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Washington Post Endorses New Nuclear Build and "Foolproof Plan" for Used Fuel

From today's Washington Post:
Nuclear power can produce electricity without generating the greenhouse gases that contribute to global warming. Industry spokesmen claim nuclear power plants can do so cheaply and efficiently, even taking subsidies into account, and, if properly monitored, safely; Chernobyl-style accidents can be avoided. Given the environmental and geopolitical disadvantages of dependence on oil, gas and coal, these arguments are persuasive.

But the Energy Department must prove early on that it has a politically and technically viable plan for storing the deadly radioactive waste that nuclear power plants produce. That has been a smoldering problem for the agency, which for years has tried to build a permanent waste storage site inside Nevada's Yucca Mountain. All the while, nuclear waste continues to pile up on sites next to reactors, in many cases close to population centers.


The federal government needs a foolproof plan to dispose properly of the waste. Otherwise, Americans won't have confidence in nuclear power.
Thanks to our friend Norris McDonald for the pointer.

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Randal Leavitt said…
First things first. People have to understand that slightly used fission fuel is not waste. It is not dangerous, it is easily managed, and there is not much of it. Knowing the truth goes a long way toward making the correct decisions about what to do with this stuff. It should be stuffed back into a fast reactor and burned for another hundred years before being transmutated and spread around the community to raise the background radiation level enough to significantly improve our health.
Kirk Sorensen said…
It is important to understand that spent fuel from conventional nuclear power plants consists of three broad classes of material: unburned uranium, fission products, and transuranic actinides.

Due to their short half-lives, the fission products produce the overwhelming amount of the radioactivity in the fuel for the first 300 years or so. After that, they have decayed away significantly and the transuranics -- the products of "imcomplete combustion", so to speak, are the dominant radioactive term.

They are also the substances that dictate the lifetime of the repository, since the unburned uranium has an enormous half-life and very low radioactivity.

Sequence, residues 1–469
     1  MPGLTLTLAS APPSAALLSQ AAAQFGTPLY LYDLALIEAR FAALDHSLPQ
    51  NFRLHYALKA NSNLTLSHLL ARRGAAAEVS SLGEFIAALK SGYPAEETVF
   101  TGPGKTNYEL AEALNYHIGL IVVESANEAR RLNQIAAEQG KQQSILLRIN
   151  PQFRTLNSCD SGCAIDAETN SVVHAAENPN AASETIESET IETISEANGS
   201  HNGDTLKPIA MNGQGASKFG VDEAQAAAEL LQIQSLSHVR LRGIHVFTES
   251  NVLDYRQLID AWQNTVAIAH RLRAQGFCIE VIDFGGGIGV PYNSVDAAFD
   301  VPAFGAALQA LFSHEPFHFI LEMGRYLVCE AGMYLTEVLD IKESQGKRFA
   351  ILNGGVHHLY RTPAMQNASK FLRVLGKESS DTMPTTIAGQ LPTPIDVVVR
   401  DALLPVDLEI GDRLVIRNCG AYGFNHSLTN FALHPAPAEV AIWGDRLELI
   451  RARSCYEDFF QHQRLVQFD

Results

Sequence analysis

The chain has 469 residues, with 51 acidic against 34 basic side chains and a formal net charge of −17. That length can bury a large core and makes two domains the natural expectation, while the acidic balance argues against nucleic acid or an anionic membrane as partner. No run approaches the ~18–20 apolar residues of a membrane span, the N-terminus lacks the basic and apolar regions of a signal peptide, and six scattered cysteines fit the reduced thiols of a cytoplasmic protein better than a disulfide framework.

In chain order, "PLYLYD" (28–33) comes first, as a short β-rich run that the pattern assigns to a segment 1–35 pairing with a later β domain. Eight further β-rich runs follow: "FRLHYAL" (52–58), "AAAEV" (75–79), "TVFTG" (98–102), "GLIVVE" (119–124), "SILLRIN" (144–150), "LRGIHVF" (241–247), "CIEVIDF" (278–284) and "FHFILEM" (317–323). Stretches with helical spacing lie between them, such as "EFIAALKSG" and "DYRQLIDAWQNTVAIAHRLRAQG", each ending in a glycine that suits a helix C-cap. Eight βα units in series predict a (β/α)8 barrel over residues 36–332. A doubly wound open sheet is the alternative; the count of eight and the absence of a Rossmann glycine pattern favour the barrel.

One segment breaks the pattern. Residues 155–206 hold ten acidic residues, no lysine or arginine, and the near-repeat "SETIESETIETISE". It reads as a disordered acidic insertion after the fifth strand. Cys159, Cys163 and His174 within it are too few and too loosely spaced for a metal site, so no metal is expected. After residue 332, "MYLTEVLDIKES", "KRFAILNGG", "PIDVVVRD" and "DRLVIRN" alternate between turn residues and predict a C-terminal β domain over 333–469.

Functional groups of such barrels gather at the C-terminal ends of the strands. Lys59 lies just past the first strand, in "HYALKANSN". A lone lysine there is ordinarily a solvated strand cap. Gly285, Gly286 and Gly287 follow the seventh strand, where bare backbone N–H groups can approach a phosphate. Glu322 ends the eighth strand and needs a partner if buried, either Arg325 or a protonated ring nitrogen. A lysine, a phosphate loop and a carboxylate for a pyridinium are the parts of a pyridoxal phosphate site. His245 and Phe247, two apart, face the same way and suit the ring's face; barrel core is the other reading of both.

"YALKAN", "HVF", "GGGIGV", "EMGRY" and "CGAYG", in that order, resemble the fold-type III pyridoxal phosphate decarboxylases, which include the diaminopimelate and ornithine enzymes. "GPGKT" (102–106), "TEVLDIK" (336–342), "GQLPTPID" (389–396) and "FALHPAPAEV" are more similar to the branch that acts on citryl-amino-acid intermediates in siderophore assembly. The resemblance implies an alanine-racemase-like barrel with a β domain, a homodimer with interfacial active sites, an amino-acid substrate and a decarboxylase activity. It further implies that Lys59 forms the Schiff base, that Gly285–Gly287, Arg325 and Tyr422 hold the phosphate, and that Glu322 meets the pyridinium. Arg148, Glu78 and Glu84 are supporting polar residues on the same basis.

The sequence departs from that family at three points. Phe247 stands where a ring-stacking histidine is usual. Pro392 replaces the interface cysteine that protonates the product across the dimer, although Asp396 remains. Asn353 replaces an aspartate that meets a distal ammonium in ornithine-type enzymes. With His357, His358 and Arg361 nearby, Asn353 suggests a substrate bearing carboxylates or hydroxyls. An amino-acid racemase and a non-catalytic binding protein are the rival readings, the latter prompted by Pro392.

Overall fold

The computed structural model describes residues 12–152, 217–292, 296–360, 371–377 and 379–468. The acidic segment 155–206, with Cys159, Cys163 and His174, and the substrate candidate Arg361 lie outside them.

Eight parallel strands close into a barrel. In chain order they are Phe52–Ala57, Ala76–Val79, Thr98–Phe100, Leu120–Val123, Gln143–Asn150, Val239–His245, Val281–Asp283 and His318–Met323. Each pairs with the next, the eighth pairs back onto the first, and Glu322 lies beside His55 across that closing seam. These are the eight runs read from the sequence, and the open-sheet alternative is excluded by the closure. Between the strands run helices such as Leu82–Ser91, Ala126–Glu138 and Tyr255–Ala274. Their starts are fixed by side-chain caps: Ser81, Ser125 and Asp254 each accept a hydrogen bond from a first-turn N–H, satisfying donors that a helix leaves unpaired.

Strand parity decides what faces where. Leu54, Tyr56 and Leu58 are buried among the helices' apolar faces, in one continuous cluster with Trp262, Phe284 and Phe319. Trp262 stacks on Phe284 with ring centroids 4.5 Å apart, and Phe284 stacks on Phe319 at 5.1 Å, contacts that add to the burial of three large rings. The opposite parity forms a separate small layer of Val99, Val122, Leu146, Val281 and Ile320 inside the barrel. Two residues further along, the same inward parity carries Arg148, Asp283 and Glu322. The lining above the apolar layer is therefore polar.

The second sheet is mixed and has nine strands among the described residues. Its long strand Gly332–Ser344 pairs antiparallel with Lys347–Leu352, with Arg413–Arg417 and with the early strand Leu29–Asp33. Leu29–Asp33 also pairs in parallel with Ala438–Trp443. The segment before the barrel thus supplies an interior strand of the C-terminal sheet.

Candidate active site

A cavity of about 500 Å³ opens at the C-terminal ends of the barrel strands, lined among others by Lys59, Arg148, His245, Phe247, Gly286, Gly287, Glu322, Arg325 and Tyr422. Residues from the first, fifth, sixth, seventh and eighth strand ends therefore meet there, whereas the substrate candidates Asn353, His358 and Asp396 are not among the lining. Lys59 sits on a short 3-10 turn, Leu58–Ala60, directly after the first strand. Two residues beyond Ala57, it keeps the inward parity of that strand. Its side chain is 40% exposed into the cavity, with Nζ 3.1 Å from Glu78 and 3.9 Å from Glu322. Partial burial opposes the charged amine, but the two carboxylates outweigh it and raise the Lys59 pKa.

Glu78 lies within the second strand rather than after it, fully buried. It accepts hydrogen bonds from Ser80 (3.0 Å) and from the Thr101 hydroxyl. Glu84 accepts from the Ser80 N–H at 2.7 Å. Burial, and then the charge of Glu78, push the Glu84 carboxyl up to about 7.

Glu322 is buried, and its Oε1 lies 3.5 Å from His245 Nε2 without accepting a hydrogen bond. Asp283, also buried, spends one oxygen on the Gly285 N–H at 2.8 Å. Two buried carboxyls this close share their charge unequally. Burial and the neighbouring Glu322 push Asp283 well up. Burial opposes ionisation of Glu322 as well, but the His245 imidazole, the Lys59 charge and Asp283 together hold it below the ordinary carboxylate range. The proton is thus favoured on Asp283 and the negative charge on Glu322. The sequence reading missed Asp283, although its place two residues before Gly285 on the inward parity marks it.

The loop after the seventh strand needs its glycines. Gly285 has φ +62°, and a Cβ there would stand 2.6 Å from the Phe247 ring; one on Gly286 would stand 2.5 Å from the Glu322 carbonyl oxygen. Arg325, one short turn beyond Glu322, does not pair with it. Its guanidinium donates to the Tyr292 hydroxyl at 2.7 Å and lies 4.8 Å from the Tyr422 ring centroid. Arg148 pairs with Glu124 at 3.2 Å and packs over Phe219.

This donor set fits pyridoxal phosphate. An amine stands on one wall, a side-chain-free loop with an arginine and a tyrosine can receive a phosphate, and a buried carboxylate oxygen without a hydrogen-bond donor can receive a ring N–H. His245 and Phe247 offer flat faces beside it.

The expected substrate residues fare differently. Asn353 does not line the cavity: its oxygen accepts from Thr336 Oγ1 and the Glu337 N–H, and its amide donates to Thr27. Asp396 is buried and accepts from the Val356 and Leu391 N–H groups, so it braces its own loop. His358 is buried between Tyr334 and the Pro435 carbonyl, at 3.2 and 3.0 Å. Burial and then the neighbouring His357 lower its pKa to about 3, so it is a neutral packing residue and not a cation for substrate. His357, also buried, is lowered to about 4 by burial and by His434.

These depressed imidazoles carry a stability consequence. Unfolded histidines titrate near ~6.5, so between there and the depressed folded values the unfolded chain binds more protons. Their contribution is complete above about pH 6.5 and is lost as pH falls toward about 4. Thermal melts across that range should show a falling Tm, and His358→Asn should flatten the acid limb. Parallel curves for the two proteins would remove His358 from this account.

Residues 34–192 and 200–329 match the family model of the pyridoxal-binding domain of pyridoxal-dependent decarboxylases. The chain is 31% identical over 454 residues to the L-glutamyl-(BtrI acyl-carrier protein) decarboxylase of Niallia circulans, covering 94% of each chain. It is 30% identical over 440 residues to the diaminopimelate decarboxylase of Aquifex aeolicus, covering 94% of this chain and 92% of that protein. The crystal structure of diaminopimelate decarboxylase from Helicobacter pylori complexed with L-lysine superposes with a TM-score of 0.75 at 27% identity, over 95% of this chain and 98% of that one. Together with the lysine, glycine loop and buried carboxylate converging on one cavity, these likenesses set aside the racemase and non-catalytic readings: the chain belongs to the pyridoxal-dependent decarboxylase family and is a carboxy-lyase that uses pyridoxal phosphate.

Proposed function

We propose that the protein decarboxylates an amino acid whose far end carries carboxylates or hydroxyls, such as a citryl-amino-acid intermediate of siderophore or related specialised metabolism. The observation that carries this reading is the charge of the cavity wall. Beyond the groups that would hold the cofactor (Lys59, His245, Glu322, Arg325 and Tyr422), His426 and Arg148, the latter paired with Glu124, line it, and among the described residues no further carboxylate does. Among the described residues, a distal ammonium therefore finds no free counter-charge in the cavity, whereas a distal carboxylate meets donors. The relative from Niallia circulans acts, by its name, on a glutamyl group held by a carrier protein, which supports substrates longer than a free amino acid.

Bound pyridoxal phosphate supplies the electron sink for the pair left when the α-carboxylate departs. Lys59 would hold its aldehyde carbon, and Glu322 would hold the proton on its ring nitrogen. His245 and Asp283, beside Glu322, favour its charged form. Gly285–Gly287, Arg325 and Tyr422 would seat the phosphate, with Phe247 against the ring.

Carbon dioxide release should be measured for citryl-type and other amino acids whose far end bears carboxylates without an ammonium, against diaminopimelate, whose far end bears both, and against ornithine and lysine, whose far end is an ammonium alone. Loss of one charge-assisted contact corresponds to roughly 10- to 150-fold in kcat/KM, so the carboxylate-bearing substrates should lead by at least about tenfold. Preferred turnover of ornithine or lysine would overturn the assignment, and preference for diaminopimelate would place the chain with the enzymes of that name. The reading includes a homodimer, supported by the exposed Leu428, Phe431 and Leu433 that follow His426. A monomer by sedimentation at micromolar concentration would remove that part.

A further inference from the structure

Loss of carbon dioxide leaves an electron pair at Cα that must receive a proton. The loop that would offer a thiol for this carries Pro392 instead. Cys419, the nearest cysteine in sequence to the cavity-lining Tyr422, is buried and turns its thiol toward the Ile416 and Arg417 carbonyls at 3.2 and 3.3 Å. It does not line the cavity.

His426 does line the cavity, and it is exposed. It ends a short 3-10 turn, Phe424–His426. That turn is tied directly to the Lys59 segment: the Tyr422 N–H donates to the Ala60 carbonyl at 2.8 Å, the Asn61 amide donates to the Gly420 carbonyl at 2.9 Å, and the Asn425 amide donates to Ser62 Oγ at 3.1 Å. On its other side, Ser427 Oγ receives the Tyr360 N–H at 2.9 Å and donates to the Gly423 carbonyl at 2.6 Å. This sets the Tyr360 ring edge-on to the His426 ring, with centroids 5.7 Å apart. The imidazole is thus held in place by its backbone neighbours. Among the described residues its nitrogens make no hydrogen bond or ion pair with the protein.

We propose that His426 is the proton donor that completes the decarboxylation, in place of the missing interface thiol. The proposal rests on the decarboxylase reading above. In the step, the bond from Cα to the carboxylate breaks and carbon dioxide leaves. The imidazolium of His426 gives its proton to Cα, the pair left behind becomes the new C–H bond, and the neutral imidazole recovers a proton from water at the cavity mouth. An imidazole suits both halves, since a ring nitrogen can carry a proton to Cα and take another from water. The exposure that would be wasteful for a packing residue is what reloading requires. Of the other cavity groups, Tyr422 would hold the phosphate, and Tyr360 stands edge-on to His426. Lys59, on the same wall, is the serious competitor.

It is worth considering the value of a fuel cycle that does not produce transuranics, and a waste stream that keeps all unburned fuel and actinides out of the waste altogether.
mr. X said…
there can be no "fool proof plan" for used fuel. the reality is Nuclear power is to dangerous to be next "super fuel" after oil.
Anonymous said…
I just can't allow such an overly simplistic, second-grade comment to go unanswered.

mr. x, nothing is foolproof. Not solar, not wind, not horse and buggy, certainly not coal-- how many miners do we bury every year? How much sulfur, mercury, and CO do we breathe every year?

Any examination of the big picture includes a realistic look at cost/benefit, and a rational look at risks and precautions.

In the equation of energy security, providing power for exploding populations and development in the third world, and reducing greenhouse emissions, nuclear MUST play a role. And yes, so must clean coal, solar, and wind.

mr. x, a comment like that is the equivalent of scrawling a message on a bathroom stall.

>>It is worth considering the value of a fuel cycle that does not produce transuranics, and a waste stream that keeps all unburned fuel and actinides out of the waste altogether.

Like the IFR?
Kirk Sorensen said…
That is one example, but I think thorium cycles offer better safety and performance, primarily because they can operate in a thermal-spectrum, allowing them to operate in their most reactive configuration. This reduces the fissile inventory in the core and reprocessing holdup by a factor of 5-10 over a fast-spectrum reactor, improving the economic competitiveness of the reactor.
Anonymous said…
It is wholly inaccurate and misleading to refer to spent nuclear fuel as "radioactive sludge." The editor correctly pointed out that the progress of Yucca Mountain has hit roadblocks--but could it be that the number one roadblock is misplaced public fear due to misunderstanding of the nature (and physical state) of nuclear fuel? This confusion is widespread and is continually fueled by editorials such as this.

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